It’s possible that Scott is trying to create a space for humane contemplation, and that the real point of this movie called Napoleon is to think about all of the lives—most of them French, in truth—sacrificed on the altar of his ambition and ego. The biopic equivalent of a Trojan horse. When he hasn’t been complaining about his movie’s reception, he’s been whispering about the existence of a four-and-a-half-hour cut that might theoretically thread the needle on this count, just like the extended version of Kingdom of Heaven improved on its theatrical incarnation. But even if Napoleon Uncut surfaces and turns out to be better than its predecessor, it’s hard to imagine it’ll fix the fundamental problem, which has less to do with structure or craft than sensibility. It’s not that Scott lacks a sense of irony about his work but that he’s a hostage to his maniacal, virtuoso professionalism. The same irrepressible drive that allowed him to prepare and release four movies in the time it took Martin Scorsese to complete Killers of the Flower Moon is what keeps him from arriving at something comparably profound and self-reflexive, or confrontational. When Scorsese wants us to think about the politics of representation or the casualties of American exceptionalism, he finds a way to distill that complicity and confusion into a series of formal and rhetorical challenges. Faced with a similar challenge, Scott simply splashes some statistics on-screen. He gets the job done and moves on to the next one.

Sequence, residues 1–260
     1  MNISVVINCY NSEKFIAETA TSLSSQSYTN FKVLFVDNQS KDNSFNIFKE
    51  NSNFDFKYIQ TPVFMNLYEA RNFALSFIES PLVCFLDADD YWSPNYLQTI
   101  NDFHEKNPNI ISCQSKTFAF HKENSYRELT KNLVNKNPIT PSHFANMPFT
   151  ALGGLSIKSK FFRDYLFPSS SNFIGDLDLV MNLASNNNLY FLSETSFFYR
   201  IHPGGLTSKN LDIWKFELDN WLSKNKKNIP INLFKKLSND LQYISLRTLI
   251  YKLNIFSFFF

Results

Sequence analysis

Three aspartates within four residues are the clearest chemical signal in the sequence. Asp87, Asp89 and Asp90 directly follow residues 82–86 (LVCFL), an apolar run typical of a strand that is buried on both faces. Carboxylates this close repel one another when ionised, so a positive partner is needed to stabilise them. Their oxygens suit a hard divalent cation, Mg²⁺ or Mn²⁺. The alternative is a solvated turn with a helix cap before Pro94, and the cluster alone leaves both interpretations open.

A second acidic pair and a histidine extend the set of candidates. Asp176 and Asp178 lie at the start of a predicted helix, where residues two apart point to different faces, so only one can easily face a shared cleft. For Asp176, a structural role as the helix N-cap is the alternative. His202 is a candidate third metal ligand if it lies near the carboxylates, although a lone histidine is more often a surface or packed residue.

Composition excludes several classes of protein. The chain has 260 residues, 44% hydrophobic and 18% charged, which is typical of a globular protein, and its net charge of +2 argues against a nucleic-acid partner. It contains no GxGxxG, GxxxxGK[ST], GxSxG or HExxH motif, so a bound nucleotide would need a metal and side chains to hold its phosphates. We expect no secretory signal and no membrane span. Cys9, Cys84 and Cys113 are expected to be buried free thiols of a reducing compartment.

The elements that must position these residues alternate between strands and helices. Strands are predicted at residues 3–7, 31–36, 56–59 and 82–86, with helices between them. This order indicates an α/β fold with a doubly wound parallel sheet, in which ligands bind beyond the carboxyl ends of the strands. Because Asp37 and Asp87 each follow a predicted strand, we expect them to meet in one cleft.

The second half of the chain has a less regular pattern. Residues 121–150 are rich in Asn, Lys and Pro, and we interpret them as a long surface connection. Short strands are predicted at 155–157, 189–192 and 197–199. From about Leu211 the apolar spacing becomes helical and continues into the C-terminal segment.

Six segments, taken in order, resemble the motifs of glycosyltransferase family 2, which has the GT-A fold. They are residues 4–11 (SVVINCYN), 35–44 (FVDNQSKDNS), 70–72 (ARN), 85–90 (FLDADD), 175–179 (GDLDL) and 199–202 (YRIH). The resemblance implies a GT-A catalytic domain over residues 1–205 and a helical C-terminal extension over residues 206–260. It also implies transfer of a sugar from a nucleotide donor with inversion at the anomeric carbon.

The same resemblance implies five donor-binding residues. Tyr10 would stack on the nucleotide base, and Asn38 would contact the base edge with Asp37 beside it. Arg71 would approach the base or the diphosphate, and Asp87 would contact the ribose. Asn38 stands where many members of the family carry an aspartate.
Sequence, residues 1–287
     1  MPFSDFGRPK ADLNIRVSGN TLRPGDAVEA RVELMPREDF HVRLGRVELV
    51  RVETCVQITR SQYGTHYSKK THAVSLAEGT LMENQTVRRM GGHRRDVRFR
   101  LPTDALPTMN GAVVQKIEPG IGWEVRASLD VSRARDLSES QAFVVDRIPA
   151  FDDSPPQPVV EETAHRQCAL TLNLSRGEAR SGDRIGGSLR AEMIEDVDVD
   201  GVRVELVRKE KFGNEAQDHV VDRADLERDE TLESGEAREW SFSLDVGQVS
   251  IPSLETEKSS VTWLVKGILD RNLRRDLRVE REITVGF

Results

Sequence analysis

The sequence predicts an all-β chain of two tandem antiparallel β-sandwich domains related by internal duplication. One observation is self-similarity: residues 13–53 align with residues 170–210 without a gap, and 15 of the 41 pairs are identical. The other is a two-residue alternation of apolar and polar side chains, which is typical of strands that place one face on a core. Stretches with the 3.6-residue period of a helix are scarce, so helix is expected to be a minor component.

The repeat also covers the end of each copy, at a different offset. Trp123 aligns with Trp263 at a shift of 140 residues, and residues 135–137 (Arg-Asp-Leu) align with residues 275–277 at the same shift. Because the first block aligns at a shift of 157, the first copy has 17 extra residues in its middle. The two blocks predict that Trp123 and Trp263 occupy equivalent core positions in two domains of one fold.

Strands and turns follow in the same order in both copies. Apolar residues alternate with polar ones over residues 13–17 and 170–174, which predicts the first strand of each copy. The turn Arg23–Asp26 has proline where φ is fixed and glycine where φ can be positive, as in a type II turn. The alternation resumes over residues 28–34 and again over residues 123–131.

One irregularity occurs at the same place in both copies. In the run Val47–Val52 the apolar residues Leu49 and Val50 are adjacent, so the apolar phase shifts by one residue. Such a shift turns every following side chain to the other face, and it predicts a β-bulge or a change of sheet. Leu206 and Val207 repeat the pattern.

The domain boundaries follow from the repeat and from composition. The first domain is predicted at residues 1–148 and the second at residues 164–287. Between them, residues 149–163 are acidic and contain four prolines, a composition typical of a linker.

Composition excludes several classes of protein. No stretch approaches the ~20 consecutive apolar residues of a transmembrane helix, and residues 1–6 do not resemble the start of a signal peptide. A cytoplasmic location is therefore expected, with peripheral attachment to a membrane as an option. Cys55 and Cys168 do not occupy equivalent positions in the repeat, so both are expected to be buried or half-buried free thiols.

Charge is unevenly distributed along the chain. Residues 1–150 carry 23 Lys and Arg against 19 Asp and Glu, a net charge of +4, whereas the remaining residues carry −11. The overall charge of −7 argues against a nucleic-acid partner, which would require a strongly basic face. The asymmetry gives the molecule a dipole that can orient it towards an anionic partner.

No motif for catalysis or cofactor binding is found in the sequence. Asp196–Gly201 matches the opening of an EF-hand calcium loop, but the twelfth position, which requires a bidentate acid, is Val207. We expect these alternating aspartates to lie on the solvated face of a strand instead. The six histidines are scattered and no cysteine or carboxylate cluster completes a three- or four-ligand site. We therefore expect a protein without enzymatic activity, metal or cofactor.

Adam Nayman is a film critic, teacher, and author based in Toronto; his book The Coen Brothers: This Book Really Ties the Films Together is available now from Abrams.